This is a problem recording, and even fans of Leonard Bernstein and Marilyn Horne will find it odd. The Maestro's tempi are weirdly slow, Horne sings the role note-by-note rather than phrase-by-phrase, and when she finally does decide to emote, in the final scene, she sounds like she's gone loony. James McCracken was an artist with a huge but unappealing voice who also had brains and power, but he's no delight for the ear.
This is a worthy reading of one of Massenet's best scores, thoughtfully conducted by Kent Nagano. Anne Sofie von Otter combines intelligence and a beautiful voice with passion and conviction in the complicated character of Charlotte. Tenor Jerry Hadley is occasionally afflicted by a musical-theater tendency to croon but expresses most of the torments of the title role, while Dawn Upshaw makes a better-rounded character of Sophie than the average soubrette.
Luciano Pavarotti will always be associated with the role of the painter Cavaradossi in Puccini's Tosca. His interpretations of the arias "Recondita armonia" and "E lucevan le stelle" became two of his greatest hits, which he sang at all his stadium concerts .
The Metropolitan Opera give this live performance of Rossini's work based on the poem by Sir Walter Scott. Michele Mariotti conducts the Metropolitan Opera Orchestra and Chorus with Joyce DiDonato as Elena, the lady of the lake, who loves the heroic Malcolm (Daniela Barcellona). However, King James V (Juan Diego Flórez) arrives in the Highlands and sets his sights on Elena while her father Douglas (Oren Gradus), who is rebelling against the King's rule, promises his daughter to clan chief Rodrigo (John Osborn).
Verdi's brilliant final masterpiece Falstaff, in its first new Met production in 50 years – and conducted by Met Music Director James Levine in his first new production since his return to his podium at the Met. When it comes to theatrical flair, captivating costumes, stage antics and imagination, there are not many shows on Broadway to rival the Met s new Falstaff. “Ambrogio Maestri is made for the title role, with the apt physique, nimble acting and superb vocal presence that make him the leading Falstaff of the day. There is no weak link in a finely balanced, comically-attuned cast (the women are especially impressive) and Levine’s conducting is pitch-perfect. The show fizzles from start to finish and is tremendous fun” (Classical Music).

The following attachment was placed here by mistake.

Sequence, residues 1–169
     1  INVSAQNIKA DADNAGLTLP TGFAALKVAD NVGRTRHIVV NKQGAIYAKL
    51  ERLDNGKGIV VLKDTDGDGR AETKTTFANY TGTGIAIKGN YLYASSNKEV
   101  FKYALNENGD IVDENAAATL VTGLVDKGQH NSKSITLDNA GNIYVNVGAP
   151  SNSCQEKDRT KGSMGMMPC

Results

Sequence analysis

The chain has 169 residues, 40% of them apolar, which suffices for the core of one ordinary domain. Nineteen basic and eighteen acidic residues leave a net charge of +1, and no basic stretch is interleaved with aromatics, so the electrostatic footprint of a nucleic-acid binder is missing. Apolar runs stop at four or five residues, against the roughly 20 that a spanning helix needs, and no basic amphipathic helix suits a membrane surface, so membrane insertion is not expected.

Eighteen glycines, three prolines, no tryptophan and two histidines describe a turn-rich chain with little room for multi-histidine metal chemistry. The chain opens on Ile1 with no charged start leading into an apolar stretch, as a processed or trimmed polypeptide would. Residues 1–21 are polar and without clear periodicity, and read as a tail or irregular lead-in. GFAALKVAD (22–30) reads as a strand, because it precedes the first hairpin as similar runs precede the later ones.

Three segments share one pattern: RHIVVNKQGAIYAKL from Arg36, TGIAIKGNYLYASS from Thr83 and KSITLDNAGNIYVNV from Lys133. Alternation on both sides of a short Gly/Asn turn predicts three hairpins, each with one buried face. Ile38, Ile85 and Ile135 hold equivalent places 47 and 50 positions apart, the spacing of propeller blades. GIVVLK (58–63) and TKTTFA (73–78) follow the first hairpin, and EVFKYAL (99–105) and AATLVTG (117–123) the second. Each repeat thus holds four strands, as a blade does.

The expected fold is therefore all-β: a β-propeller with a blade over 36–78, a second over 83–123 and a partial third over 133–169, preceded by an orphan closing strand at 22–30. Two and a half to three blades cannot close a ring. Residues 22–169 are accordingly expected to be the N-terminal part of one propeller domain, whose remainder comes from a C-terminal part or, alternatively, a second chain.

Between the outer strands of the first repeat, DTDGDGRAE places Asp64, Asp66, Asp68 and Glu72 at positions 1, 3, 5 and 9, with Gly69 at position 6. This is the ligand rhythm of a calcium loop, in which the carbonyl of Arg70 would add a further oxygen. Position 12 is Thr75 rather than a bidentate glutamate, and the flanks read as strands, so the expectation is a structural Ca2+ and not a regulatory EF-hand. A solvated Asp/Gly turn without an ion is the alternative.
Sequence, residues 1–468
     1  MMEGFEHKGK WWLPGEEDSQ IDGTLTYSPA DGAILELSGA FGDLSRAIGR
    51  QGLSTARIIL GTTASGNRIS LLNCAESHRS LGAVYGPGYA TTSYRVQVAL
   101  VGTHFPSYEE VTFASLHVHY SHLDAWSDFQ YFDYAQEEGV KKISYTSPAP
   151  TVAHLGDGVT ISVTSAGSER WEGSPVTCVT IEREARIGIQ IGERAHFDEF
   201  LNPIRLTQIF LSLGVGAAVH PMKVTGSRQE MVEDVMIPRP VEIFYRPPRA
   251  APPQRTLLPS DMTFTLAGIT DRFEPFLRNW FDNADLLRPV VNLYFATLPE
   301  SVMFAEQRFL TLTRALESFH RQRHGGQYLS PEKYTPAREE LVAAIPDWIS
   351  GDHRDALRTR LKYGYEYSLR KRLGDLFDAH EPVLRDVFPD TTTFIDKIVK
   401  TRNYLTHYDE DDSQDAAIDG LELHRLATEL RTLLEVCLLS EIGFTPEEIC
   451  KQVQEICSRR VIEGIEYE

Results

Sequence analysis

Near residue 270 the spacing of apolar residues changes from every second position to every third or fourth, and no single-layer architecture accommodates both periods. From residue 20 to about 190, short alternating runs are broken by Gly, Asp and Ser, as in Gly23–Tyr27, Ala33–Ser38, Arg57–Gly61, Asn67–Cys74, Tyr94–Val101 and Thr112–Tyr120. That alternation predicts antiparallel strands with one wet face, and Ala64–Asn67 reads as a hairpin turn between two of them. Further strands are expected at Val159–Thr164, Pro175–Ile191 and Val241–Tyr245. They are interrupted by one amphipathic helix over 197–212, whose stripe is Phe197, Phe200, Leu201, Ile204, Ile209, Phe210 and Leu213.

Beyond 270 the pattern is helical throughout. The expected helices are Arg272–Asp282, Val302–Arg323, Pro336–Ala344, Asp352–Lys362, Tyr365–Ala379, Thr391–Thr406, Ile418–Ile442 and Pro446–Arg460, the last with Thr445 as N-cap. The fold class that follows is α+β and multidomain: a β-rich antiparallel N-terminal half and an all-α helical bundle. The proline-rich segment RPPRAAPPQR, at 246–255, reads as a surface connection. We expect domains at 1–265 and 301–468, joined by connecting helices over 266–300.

The great Renée Fleming stars as the beguiling femme fatale who captivates all Paris in Lehár’s enchanting operetta, seen in a new staging by Broadway virtuoso director and choreographer Susan Stroman (The Producers, Oklahoma!, Contact). Stroman and her design team of Julian Crouch (Satyagraha, The Enchanted Island) and costume designer William Ivey Long (Cinderella, Grey Gardens, Hairspray) have created an art-nouveau setting that climaxes with singing and dancing grisettes at the legendary Maxim’s. Nathan Gunn co-stars as Danilo and Kelli O’Hara is Valencienne. Sir Andrew Davis conducts.
Dvorak’s enchanting fairytale of the water-nymph Rusalka has been a signature role for Renée Fleming for the past 25 years. The Gramophone Classical Music Guide writes: “Renée Fleming's tender and heartwarming account of Rusalka's Song to the Moon reflects the fact that the role of the lovelorn water nymph, taken by her in a highly successful production at the MET in New York, has become one of her favourites”.
Puccini’s musical vision of the American West is vividly brought to life in Giancarlo Del Monaco’s atmospheric production. Deborah Voigt is Minnie, the girl of the title and owner of a bar in a Californian mining camp. Marcello Giordani sings Dick Johnson, the bandit-turned-lover hunted by the cynical sheriff Jack Rance (Lucio Gallo), who wants Minnie for himself. Complete with whiskey-drinking cowboys, gunplay, a poker game, and a snowstorm, La Fanciulla del West is Puccini at his most colorful.